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When D’Abernon was appointed ambassador to Berlin in June 1920, Germany and the Allies were in the grip of the debate about the implementation of the Treaty of Versailles. Relations between Britain, France and Germany were tense, as considerable doubts remained about the interpretation of the clauses of the treaty relating to the payment of reparations and to disarmament. No country would have countenanced the resumption of military hostilities but a pervading pessimism remained about the likelihood of maintaining peace and encouraging the creation of bonds of trust and mutual friendship. It was also necessary to face the consequences of the most wide-ranging war in modern history that had had a devastating effect on the fabric and psychological well-being of the nations that had fought it. Empires had fallen, old certainties had been challenged and in many cases swept away. It was not clear what would emerge to take the place of the pre-war order, or whether Europe would disintegrate into anarchy. The democratic powers had won the war and the new countries that were emerging from the ruins of the former empires were predominantly democratic in nature. Nevertheless, democracy as a system of government was vulnerable to attack from communism and from reactionary counter-revolutionaries. Nowhere was this more true than in the Weimar Republic.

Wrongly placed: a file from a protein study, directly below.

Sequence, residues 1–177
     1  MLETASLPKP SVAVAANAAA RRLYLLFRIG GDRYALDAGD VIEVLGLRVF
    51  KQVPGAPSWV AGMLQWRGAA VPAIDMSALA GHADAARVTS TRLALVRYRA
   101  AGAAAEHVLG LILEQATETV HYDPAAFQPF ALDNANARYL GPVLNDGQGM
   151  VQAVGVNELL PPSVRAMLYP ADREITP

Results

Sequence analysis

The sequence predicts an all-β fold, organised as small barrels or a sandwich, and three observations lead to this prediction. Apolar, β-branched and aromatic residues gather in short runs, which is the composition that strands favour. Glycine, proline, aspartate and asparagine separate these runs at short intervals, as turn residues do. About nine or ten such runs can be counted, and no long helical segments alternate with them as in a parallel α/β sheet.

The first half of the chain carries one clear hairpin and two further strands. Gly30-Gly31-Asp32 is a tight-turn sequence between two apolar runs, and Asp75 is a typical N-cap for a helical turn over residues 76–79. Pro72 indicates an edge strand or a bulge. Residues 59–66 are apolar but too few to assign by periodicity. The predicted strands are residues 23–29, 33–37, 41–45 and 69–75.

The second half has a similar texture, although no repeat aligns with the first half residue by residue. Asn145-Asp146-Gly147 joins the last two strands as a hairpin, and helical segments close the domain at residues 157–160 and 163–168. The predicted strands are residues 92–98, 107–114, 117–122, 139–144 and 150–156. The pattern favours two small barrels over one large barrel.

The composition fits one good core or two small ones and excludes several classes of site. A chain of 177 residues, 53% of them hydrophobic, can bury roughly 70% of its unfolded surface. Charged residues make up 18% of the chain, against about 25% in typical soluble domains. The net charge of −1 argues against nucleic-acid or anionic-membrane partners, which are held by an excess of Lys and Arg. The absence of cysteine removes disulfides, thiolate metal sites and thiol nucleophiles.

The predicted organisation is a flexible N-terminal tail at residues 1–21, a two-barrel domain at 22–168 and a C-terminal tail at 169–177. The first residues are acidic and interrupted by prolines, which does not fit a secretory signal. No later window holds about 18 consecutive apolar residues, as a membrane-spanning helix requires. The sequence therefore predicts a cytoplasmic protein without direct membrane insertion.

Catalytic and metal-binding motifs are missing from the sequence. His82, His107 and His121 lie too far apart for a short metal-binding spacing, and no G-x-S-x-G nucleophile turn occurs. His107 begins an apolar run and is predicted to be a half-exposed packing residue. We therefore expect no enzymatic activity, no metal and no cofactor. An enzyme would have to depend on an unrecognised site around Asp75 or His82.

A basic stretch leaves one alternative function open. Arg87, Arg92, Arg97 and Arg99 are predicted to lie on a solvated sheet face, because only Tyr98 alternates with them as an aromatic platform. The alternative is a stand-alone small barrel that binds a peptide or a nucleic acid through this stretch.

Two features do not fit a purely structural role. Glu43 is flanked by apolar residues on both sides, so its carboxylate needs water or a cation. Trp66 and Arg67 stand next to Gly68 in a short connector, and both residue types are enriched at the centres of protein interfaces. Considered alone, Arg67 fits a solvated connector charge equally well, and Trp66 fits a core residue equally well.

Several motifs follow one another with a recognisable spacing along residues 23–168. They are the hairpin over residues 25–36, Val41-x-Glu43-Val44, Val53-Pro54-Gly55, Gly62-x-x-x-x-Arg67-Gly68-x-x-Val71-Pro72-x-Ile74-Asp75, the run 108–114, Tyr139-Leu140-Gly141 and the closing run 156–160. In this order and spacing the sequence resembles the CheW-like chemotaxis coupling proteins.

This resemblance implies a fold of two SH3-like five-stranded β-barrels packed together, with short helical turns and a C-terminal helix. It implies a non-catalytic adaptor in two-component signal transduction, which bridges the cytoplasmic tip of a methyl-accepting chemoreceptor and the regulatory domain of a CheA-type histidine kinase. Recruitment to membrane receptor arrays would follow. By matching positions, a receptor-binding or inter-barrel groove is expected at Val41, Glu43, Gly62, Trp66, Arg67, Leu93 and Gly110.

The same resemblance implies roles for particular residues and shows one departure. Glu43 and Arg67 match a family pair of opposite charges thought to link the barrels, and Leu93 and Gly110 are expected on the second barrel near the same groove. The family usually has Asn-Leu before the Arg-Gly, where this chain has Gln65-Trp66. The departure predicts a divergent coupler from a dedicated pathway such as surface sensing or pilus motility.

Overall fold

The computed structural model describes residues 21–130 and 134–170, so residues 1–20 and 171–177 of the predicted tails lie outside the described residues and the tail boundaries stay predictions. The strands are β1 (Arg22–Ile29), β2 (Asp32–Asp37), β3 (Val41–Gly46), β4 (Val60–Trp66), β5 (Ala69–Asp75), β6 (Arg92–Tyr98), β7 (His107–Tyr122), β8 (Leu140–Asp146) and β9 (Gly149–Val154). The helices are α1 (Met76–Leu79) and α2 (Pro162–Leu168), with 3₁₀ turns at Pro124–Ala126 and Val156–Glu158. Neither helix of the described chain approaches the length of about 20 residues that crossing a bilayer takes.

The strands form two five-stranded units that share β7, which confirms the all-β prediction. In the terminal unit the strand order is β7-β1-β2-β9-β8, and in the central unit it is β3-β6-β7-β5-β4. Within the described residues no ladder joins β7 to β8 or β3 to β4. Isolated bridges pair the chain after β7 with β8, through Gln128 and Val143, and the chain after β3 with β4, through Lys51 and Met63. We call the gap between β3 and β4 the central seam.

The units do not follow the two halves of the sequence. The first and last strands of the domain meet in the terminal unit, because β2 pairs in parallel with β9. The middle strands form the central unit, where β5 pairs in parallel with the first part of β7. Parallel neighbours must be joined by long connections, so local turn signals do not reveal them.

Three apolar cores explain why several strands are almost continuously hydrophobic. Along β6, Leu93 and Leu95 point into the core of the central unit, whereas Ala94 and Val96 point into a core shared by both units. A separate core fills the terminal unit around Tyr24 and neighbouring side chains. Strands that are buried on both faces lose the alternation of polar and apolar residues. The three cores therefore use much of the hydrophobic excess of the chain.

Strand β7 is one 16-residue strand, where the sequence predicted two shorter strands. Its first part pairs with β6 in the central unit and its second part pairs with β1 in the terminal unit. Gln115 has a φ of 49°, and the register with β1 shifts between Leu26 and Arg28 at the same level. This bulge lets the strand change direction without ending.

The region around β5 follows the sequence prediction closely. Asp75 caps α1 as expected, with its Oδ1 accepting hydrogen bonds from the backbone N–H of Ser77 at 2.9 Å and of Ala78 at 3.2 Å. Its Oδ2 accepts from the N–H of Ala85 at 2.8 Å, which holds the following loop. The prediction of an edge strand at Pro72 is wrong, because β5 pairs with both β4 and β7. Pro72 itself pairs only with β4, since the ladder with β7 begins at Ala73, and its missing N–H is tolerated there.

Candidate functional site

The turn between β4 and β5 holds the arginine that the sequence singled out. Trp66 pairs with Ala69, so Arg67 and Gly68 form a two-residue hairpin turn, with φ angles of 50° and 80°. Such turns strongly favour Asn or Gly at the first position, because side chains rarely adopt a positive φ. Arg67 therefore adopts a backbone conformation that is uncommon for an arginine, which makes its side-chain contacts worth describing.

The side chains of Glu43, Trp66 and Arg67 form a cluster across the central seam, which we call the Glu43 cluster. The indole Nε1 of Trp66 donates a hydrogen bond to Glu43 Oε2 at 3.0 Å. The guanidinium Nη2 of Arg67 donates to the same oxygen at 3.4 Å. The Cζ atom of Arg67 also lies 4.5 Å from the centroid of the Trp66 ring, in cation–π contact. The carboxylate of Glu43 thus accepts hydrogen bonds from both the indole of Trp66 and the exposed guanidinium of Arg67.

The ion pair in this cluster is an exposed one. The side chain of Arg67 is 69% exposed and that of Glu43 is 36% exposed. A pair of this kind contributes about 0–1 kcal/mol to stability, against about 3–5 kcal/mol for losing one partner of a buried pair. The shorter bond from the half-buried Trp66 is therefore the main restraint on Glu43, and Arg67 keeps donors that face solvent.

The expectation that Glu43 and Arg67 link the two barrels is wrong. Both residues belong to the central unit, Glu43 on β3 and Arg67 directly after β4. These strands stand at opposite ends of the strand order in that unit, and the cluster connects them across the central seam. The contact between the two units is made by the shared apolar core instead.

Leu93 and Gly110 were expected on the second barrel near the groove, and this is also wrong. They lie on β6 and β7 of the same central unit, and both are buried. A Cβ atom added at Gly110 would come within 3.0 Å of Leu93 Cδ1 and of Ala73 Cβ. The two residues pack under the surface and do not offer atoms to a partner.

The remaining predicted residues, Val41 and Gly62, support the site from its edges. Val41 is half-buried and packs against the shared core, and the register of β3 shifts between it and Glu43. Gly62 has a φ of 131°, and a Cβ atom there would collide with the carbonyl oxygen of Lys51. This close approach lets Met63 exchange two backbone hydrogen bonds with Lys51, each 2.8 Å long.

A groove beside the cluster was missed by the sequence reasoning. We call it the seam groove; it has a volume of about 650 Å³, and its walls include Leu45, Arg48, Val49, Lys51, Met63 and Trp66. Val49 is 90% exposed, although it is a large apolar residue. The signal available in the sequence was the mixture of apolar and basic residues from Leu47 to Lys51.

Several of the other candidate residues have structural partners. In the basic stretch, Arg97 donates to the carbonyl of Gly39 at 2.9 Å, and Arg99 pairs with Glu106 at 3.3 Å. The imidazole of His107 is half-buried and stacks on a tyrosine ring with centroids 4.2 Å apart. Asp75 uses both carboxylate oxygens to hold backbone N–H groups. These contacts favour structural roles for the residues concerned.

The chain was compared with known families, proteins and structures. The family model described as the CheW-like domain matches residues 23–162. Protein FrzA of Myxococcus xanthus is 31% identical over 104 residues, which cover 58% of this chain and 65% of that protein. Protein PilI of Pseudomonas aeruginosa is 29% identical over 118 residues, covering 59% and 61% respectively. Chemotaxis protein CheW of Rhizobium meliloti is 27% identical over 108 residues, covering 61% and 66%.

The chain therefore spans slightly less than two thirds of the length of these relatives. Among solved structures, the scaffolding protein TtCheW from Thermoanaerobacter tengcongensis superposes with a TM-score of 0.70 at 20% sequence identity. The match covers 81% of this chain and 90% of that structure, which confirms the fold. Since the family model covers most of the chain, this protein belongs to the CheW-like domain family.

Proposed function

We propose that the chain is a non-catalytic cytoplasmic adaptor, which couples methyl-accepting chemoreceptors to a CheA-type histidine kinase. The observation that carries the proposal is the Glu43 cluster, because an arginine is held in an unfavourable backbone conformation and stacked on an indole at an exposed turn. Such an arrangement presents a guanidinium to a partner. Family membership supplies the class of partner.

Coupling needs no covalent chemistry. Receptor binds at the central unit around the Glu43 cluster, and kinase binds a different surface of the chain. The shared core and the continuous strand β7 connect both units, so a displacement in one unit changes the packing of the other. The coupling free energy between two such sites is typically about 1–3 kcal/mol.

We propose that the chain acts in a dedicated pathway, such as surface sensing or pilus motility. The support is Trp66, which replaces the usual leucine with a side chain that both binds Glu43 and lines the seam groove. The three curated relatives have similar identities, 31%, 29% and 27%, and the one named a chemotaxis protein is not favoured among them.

KeywordsForeign Policy British Government German Government Diplomatic Relation World Affair
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